Lounis Ait Menguellet

From Wikipedia, the free encyclopedia
Jump to navigation Jump to search
Lounis in a Concert in Algiers

Lounis Aït Menguellet is a Kabylia singer born on January 17, 1950 in Ighil Bouammas, Tizi Ouzou Province in the Kabylie region. Lounis Aït Menguellet sings in the berber language (kabyle variant) and is certainly one of the most popular and charismatic artists of the contemporary kabyle music scene.[citation needed]

He is a poet-musician who has become something of a symbol of the kabyle demands for recognition. Kabylie has been the setting for many fierce confrontations. Although Lounis's songs are frequently about Kabylie and its history and its present suffering and misery, he is always quick to state that he isn't a politician and he doesn't get involved in politics. However, few can deny the political clout of his songs or their political and sometimes very biting and critical messages.

Many critics of Lounis Aït Menguellet's career like to see it as two distinct parts and because that is a generally accepted view it will be the one offered here. The first part is seen as being centred on the production of love songs and nostalgia. Frequently there are references to a lost love. The songs tend to be shorter than he produces today. Typical songs from this period are Thalt Ayam (Three Days) and Tayri (Love). The second part of his career is characterised by longer songs which demand close reading and interpretation – for example the beautiful and tragic Akk win ikhdaâ rebbi (Be cursed).


Yenna-d Umghar (The Wise Man Has Spoken) is characterised by more complex music and a much more careful presentation of lyrics in Kabyle, French and Arabic with a brief summary in English. The Lounis of Yenna-d Umghar is a far cry from the Lounis of the early work which is now quite hard to come by. The Lounis of Yenna-d Umghar is more perhaps accessible to European ears, at once alien and familiar. It is indeed a beautiful work, made all the more effective once the poetry is understood. When he presented Yenna-d Umghar on 16 January 2005 at the Maison de la Culture, Tizi Ouzou, on the occasion of his 55th birthday, he said that the artist could only draw people's attention to their lives and appeal to their consciences. He added that it was still a mission and he didn't consider himself capable of bringing solutions to the problems.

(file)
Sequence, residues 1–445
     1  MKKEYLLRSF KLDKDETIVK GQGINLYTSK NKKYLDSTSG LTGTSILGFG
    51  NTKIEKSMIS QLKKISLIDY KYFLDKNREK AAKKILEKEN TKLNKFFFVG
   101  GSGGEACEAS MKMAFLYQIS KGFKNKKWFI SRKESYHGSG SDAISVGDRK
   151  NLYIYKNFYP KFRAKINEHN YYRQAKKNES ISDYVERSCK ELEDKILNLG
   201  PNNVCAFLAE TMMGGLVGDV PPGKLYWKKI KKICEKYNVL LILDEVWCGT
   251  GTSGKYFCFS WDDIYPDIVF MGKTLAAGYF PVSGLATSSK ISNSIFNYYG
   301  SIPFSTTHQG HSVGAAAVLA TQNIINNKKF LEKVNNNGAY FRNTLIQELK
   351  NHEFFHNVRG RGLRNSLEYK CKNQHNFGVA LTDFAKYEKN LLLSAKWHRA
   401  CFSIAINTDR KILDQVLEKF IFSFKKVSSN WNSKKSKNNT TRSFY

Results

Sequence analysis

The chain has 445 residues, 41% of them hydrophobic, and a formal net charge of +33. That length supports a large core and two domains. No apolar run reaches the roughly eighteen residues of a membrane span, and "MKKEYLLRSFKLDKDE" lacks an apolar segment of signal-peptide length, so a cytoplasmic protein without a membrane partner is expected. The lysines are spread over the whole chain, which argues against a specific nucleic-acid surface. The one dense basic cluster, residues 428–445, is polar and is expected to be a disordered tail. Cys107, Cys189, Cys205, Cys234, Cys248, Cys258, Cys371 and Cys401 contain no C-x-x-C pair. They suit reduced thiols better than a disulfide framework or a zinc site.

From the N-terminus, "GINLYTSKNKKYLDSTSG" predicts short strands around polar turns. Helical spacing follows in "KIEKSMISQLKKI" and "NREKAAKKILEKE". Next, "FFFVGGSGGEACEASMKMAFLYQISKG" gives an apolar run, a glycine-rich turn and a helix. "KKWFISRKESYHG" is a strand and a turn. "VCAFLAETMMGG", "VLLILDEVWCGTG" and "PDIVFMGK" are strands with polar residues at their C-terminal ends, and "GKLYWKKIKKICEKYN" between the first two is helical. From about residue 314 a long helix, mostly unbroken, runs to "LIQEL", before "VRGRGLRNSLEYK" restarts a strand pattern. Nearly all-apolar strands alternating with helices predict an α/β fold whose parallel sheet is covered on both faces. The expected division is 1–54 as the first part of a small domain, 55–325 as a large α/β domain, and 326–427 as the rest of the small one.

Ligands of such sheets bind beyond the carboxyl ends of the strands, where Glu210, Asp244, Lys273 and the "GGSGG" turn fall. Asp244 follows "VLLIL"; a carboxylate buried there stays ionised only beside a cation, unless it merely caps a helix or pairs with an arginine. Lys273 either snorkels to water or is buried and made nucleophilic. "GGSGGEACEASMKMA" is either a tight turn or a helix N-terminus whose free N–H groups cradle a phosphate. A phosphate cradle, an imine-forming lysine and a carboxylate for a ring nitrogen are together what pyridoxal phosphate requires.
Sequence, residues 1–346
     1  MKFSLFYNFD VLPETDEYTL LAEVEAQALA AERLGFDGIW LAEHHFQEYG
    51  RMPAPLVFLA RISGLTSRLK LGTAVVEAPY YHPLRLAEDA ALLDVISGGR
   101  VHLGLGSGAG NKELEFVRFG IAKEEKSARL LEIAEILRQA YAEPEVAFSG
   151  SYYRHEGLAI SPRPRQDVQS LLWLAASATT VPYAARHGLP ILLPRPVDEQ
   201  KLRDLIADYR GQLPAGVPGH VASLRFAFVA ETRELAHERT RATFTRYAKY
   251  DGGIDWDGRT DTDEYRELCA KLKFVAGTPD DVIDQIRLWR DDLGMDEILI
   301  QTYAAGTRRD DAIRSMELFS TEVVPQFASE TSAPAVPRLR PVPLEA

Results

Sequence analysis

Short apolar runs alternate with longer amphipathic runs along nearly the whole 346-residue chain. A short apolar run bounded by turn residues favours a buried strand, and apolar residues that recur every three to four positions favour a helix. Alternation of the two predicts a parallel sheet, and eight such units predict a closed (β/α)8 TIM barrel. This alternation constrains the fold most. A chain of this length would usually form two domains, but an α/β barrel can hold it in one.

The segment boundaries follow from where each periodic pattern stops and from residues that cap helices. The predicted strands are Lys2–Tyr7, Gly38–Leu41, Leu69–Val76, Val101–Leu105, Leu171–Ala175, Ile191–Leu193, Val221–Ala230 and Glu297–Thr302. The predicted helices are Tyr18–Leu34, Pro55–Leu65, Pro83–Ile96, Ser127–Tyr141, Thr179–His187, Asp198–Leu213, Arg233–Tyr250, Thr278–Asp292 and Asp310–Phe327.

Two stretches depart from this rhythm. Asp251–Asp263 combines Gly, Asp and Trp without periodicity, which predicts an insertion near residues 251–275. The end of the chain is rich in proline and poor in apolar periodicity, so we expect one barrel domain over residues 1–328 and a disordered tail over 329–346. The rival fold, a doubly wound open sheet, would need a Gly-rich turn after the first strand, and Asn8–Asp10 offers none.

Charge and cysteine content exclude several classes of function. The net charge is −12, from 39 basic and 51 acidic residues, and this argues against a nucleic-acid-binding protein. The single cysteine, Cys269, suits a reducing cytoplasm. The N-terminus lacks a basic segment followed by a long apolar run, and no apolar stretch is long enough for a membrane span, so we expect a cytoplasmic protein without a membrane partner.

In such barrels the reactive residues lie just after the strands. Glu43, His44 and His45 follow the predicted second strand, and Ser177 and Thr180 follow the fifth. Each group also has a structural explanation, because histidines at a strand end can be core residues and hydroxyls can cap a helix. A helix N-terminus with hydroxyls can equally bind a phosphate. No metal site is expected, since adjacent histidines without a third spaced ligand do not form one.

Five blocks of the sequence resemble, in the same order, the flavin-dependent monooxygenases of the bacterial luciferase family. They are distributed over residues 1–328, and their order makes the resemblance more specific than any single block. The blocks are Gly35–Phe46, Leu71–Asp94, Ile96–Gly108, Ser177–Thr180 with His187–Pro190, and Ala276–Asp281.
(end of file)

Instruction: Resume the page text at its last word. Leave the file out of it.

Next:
The latest album is Tawriqt tacebhant - (The Blank Sheet) and was released in August 2010. The title has caused some discussion in Kabyle circles because it is only comparatively recently that Kabyle has become a written language again and many of the older generation don't read and write Kabyle though they do read and write in French. The title song talks about the struggles of writing the poem and how the poet is faced with a blank sheet, he is scared that Inspiration (which is personified) will not meet him on the page. Resigned to failure, he goes outside and finds himself thinking about the nature of his task and he realises that actually what he wants to say is there, he just has to do it. He returns to the blank page and writes the poem which he leaves as an inspiration to everyone else. Whenever we start a new task that we find daunting, the poem will be there as inspiration and guidance.

Tawriqt tacebhant was to contain a Kabyle version of Bob Dylan's Blowin' in the Wind. However, versions of the CD circulating in the UK at least, contained the lyrics to the Kabyle version but not the song itself.


Despite the fact that Lounis continues to sing about the plight of Kabylie, his poetry has universality that transports it beyond the topical protest song to something far more enduring. He talks of situations and conflicts which are only too familiar to those outside of Kabylie. He may indeed be a poet for Kabylie but his poetry is at the same time universal and enduring.[citation needed] He incorporates folklore into his songs, using the traditions of the past to make comments about the state of society. For example, in urğğaγ win turğğa teryel (I await the one the ogress waits for) he uses the story of Ali and the Ogress to express comments about the nature of love.


Year Kabyle Title French Title English Translation
1975 Telt yam Trois jours Three Days
1976 Anida teğğam mmi Où avez-vous laissé mon fils Where you left my son
1977 Amajahad Le martyre the martyr
1978 Aεṭar
1979 Ay agu Oh nuage O fogue
1981 A lmus-iw Mon sabre My sword
1982 Eṭes eṭes Dors, dors Sleep, sleep
1983 A mmi Oh Mon fils O my son
1984 Eğğet-iyi Laissez-moi Leave me
1986 Asefru Le poème The Poem
1987 Les années d'or (4 volumes The Golden Years (4 albums)
1989 Acimi Pourquoi ? Why?
1990 Avriḍ n ṭemzi (tirga n ṭemzi) Chemin de jeunesse (rêves de jeunesse) The way of youth (dreams of youth)
1992 A kwen-ixḍaε Rebbi Que Dieu vous maudisse Be Cursed
1993 Awal Le Mot The Word
1995 Imining g iḍ Le Voyageur de Nuit Traveller of the Night
1997 Siwel-iyi-d tamacahut Raconte-moi une histoire Tell me a story
1999 Inagan (Tiregwa) Témoins (Ruisseaux) Witness (Streams)
2002 Inasen Dis leur Tell them
2005 Yenna-d wemγar Le sage a dit The wise-man said
2010 Tawriqt Tacevhant La Feuille Belle The Beautiful Sheet


2014 Isefra Les poemes Poems


2017 Tudert nni Cette vie That life


  • Tassadit Yacine, « Aït Menguellet chante », Préface de Kateb Yacine, Paris, la Découverte, 1989.
  • Mohammed Djellaoui, « L’image poétique dans l’œuvre de Lounis Aït Menguellet - Du patrimoine à l’innovation » (Essai) - Éditions Les Pages Bleues, Alger, 2005.

External links[edit]

The official website of Lounis Ait Menguellet: http://www.aitmenguellet.net/